If this sounds dry, basic, and like I'm rambling on, I'm sorry...I'll try to make it interesting. I want to sort of give a short lesson (for lack of a better term) on economics to make this issue make more sense.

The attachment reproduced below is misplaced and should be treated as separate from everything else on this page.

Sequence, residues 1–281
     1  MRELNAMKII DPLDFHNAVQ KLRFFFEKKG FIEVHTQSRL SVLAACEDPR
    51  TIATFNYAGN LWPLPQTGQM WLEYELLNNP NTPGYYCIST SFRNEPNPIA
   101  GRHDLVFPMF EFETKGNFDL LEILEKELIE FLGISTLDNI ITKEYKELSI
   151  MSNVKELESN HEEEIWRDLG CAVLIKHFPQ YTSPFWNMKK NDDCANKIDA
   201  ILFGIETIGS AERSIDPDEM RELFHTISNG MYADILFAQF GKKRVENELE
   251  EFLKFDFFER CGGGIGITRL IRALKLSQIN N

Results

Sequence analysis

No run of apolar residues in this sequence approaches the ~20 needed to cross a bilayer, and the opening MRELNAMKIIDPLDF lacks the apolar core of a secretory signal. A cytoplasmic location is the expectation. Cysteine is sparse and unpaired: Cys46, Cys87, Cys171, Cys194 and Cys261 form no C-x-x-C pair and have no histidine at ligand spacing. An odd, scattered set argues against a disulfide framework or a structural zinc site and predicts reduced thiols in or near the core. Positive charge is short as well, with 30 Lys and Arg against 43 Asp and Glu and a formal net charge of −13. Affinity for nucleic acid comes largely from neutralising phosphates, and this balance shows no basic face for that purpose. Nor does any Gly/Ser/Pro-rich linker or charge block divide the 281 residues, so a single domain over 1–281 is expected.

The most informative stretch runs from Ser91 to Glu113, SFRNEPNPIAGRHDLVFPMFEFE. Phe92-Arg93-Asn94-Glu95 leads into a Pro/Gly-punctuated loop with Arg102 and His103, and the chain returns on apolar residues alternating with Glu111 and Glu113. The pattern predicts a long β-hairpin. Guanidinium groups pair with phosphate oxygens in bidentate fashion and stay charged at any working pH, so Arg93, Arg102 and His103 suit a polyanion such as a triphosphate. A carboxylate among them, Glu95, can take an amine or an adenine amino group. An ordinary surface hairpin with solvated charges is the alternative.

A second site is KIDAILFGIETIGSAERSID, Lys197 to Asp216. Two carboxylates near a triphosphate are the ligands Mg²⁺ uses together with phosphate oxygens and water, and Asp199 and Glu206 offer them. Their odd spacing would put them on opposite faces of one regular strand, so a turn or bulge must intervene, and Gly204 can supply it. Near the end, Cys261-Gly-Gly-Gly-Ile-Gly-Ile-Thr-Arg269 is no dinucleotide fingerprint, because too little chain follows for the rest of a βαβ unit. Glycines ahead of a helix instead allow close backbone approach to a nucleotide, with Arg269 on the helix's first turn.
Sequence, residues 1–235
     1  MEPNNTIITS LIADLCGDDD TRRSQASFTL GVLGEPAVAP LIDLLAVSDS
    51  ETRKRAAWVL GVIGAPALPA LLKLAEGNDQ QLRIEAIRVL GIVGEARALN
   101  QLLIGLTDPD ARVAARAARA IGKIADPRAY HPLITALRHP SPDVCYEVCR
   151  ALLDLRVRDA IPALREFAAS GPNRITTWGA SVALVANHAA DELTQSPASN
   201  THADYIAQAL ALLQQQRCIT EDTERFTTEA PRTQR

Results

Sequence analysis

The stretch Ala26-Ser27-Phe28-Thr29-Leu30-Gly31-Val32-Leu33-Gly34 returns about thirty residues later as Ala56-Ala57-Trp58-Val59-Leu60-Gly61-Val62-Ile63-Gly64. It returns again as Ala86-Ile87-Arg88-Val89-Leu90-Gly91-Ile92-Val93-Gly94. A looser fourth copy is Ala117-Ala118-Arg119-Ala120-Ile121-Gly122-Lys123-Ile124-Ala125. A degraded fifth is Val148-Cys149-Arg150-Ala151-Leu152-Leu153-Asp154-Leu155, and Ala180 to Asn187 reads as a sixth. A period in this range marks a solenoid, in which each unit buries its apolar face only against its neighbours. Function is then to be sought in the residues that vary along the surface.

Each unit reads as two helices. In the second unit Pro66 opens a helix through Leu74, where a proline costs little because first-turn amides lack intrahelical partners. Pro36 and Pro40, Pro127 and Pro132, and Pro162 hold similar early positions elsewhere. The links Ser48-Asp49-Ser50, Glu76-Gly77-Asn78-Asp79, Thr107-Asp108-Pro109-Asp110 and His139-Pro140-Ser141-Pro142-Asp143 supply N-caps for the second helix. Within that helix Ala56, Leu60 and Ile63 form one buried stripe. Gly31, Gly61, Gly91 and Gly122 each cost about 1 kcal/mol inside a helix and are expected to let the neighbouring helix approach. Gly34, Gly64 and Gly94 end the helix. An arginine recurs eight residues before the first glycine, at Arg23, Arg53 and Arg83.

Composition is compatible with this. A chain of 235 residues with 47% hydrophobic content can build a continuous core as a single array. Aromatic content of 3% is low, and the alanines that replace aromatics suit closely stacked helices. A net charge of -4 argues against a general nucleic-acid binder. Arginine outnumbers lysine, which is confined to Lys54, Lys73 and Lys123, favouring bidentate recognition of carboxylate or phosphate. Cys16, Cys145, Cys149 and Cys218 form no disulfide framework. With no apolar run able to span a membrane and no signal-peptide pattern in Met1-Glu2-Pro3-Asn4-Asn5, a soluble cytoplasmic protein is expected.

Many people refer to the "oil companies" and the "government" as if they are two entities in total agreement and character. I'd like to point out that "oil companies" is plural, and that "government" is made up of tons of disagreeing people. There are many oil companies (Shell, Chevron, Lukoil, Mobile, Exxon, etc.) and many political ideologies in Washington (Liberals, Conservatives, Moderates, Libertarians, Socialists, etc.). Now then, you're probably wondering why I established these two facts. Well simply, it's to tell you this. Both the oil companies, and the government are in constant competition. The oil companies are competing for your money, and the government is competing for your approval (and votes). So therefore there isn't one entity referred to as "oil companies." Rather, there are many different oil companies at war with each other for your money. Why would they be after your money you might ask? Well, plain and simply they want to make a profit. That is the goal of any company. Therefore, in an effort to make a profit, oil companies attempt to attract you, the customer. How do they do this? They run commercials, they post signs, and they most importantly offer you a lower price then their competitors. At the same time, other companies are doing the same thing. This results in the lowest price a company can get away with, while still making a profit, the price you pay. Now lets go back to the government for a minute. . . The government is also looking for a profit too. Therefore they tax the oil companies. This makes it harder for the companies to make a profit, thus they shift the price onto the customer. Therefore the customer has to pay extra in order to achieve the same quantity of a product. The government taxes all the oil companies equally, therefore competition is still alive, and no company is favored over another. Now then, a realization that must be established in the midst of all of this is the fact that we live in a world of limited resources. Oil is no exception. Oil becomes limited when more people use it, because there is more being consumed, and therefore less available. When third world countries become industrialized, they demand oil. A higher demand requires a higher price. (Hypothetical example: China demands oil so much, that it is willing to pay more for it then the U.S. is. The oil companies want a profit, so they go to China and sell their oil. In the meantime the U.S. still needs oil, so the price is jacked up to meet the price of China. When other countries get added to the mix, the price can become a lot higher.) Now then, part of the reason oil is so expensive is transportation (it costs money to get here), the demand for the oil (what other buyers are paying), and the taxes on the oil companies (what the government imposes). If we could drill for oil off the coast of the gulf of Mexico and in Alaska, as well as convert coal to oil, we would drop the price because two factors would be changed. The transportation of the oil would reduce, and the demand for the oil would reduce because more would be available. The only thing that would still keep the price the same way is the government, if they decided to increase taxes. Therefore, once again, mistrust should be against those in Washington who tax, rather then the oil companies who simply are trying to make a profit for whatever price you're willing to pay. As for the global warming issue....Maybe I'll tackle that another time.